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Southern Montana passenger rail is included on a federal list and is funded



Missoula, Montana – The federal government this week announced $500,000 in seed financing and admitted the route into the Federal Railroad Authority’s Corridor Identification Program, which is a major step toward restoring passenger rail across Montana’s southern tier.

The funding calls on the Big Sky Passenger Rail Authority to develop a scope, schedule, and cost estimate for “preparing, completing, or documenting its service development plan.”

Acceptance into the program, according to Missoula County Commissioner and chairman of the rail authority Dave Strohmaier, also carries a promise to future funding that will assist bring restoration closer to reality.

By adding it all up, Strohmaier said the train was out of the station.

“By entering the Federal Railroad Administration’s Corridor ID and Development Program, we now have access to resources to complete the planning and engineering work necessary to restore the North Coast Hiawatha, which is a huge win for Montana and the Greater Northwest region,” Strohmaier told the Missoula Current. “For those skeptics out there, be skeptical no longer.”

Strohmaier noted that the rail authority will invite state, municipal, and tribal governments in Illinois, Wisconsin, Minnesota, North Dakota, Idaho, Washington, and Oregon to participate in the route design process as part of the Corridor ID study efforts.

Although there are already 20 member counties and tribes along the Montana segment of the Big Sky Passenger Rail Authority, additional member counties and city partners are welcome to participate in the restoration process.

“In three short years, the rail Authority has gone from a fledgling regional rail authority to a regional and national passenger rail powerhouse,” Strohmaier said. “We’ve also demonstrated the ability of local governments to work across jurisdictional boundaries on big ideas and big initiatives.”

Up to $2.3 billion in funding for intercity passenger rail is expected to be provided under the Federal-State Partnership. The Bipartisan Infrastructure Bill, which gave Montana over $15 million this week to upgrade its passenger rail network and assist the Empire Builder, which crosses Montana’s northern tier, is partially responsible for the financing.

In addition to being established in 2019 to restore the North Coast Hiawatha in southern Montana, the Big Sky Passenger Rail Authority has been a prominent proponent of the Empire Builder.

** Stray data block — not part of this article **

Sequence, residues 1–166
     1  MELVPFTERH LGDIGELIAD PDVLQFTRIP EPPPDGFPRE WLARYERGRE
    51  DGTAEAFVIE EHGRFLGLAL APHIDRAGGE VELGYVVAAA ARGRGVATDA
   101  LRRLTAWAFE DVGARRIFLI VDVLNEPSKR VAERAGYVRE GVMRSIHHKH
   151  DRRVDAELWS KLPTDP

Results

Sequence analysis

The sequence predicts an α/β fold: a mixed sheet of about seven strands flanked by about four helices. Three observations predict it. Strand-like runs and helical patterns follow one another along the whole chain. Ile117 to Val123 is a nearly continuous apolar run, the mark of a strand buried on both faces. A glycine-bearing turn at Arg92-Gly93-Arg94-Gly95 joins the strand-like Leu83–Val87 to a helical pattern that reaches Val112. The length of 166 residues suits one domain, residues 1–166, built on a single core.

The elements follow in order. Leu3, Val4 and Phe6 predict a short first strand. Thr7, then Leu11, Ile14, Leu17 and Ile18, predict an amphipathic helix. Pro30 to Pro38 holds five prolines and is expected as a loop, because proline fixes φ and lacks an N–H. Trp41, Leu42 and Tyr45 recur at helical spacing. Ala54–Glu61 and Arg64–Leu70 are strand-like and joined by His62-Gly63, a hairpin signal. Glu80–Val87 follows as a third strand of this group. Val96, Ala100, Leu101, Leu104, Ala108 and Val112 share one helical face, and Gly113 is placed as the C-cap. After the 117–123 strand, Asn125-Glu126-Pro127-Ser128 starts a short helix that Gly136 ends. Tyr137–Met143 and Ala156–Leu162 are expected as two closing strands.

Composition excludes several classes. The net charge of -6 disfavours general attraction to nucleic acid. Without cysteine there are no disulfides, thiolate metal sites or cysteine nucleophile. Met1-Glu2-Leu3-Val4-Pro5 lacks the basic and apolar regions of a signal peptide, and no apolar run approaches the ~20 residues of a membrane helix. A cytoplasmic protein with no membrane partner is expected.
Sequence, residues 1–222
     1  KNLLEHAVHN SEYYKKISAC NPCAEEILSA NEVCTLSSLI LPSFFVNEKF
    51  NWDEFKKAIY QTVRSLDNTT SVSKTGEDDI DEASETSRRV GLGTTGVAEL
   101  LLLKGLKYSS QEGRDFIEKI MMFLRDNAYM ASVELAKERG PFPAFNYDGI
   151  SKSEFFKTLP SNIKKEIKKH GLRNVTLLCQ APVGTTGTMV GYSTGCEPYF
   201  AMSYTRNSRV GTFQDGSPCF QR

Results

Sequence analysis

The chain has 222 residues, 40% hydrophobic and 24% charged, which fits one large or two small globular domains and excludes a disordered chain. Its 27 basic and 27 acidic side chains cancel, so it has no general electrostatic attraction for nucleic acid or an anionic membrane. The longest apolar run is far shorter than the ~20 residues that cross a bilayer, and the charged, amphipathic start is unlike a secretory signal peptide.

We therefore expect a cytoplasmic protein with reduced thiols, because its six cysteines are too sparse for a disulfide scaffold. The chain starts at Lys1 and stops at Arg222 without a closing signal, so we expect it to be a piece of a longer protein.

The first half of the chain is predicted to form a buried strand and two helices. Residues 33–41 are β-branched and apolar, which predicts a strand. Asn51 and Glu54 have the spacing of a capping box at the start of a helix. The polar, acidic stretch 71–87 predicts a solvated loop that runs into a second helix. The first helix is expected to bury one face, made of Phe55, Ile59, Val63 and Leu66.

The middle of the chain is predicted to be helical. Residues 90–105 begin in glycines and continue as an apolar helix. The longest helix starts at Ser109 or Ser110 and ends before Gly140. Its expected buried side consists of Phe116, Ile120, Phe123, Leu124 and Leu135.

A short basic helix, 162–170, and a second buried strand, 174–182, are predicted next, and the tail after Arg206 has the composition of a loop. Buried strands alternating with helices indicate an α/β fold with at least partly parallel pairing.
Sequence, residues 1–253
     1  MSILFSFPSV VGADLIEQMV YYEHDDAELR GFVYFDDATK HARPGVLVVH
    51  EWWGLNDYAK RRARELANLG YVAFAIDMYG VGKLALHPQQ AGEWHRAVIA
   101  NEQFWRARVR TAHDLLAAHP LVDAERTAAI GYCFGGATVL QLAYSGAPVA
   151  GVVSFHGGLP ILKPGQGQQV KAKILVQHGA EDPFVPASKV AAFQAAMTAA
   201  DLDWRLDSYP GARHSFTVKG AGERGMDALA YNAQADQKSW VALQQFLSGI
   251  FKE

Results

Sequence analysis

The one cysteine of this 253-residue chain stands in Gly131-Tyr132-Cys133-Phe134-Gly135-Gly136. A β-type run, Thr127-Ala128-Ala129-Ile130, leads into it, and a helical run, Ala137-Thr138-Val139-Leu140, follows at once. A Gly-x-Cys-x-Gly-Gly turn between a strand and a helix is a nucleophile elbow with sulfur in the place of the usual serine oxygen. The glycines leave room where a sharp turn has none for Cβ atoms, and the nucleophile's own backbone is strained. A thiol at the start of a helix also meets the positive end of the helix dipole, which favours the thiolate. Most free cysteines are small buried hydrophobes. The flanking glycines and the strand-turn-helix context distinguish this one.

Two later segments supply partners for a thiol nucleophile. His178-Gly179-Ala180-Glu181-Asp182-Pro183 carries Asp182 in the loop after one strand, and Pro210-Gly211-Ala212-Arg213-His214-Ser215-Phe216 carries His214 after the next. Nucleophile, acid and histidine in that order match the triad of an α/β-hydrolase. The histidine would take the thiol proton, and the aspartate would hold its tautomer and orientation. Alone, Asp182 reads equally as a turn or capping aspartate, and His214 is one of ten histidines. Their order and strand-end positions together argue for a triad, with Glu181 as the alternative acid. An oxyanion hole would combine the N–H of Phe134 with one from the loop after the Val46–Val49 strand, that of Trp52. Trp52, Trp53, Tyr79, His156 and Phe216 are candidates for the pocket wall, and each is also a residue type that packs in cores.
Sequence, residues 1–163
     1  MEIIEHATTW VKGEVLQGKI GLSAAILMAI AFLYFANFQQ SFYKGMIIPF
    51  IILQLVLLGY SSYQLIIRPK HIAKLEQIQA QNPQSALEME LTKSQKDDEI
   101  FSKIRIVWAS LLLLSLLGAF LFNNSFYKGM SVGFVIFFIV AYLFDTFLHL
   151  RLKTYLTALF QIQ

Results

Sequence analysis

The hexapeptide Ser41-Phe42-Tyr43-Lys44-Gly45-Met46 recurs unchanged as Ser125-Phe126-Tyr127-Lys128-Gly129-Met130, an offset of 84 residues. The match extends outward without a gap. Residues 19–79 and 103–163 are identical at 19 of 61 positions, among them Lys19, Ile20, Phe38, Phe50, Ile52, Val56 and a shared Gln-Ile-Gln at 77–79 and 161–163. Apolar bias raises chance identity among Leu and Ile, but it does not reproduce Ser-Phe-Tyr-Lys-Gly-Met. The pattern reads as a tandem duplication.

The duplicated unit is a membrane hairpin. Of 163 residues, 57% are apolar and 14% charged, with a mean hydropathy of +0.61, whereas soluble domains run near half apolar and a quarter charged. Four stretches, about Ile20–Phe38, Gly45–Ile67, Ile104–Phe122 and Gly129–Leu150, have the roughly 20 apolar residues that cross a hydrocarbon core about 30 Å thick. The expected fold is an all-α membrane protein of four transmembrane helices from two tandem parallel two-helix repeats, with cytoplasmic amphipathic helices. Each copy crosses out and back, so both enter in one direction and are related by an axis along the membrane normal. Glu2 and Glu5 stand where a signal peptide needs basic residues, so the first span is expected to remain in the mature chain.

“We’re committed to a strong and vibrant Empire Builder, which is why we partnered with Amtrak on the Federal-State Partnership grant application, resulting in a grant of $14.9 million to do rail infrastructure work near Malta,” Strohmaier said.

Sen. Jon Tester has supported the initiative and contributed to its money this week. He still believes that the North Coast Hiawatha should be restored.

“I’ll always fight to keep rural America connected, and investments in passenger rail will help Montana’s families and small businesses competitive in the 21st century,” Tester said. “When negotiating my bipartisan infrastructure law with my colleagues, I fought hard to ensure that we invested in renewed Amtrak service, and I can’t think of a better place to explore than the North Coast Hiawatha route.”

The program’s major rail projects are a component of President Joe Biden’s $66 billion infrastructure investment plan for passenger rail. This signifies the highest amount of money allocated to passenger rail since Amtrak’s founding in 1971.

Supporters of increased or restored passenger rail service contend that it will boost the economies of the communities it passes through and link rural areas to larger cities.

“We’re thrilled to represent the Greater Northwest, which has been underserved by public transportation for far too long,” said Strohmaier. “It’s about time that the rural American West is reflected in federal passenger rail investments.”


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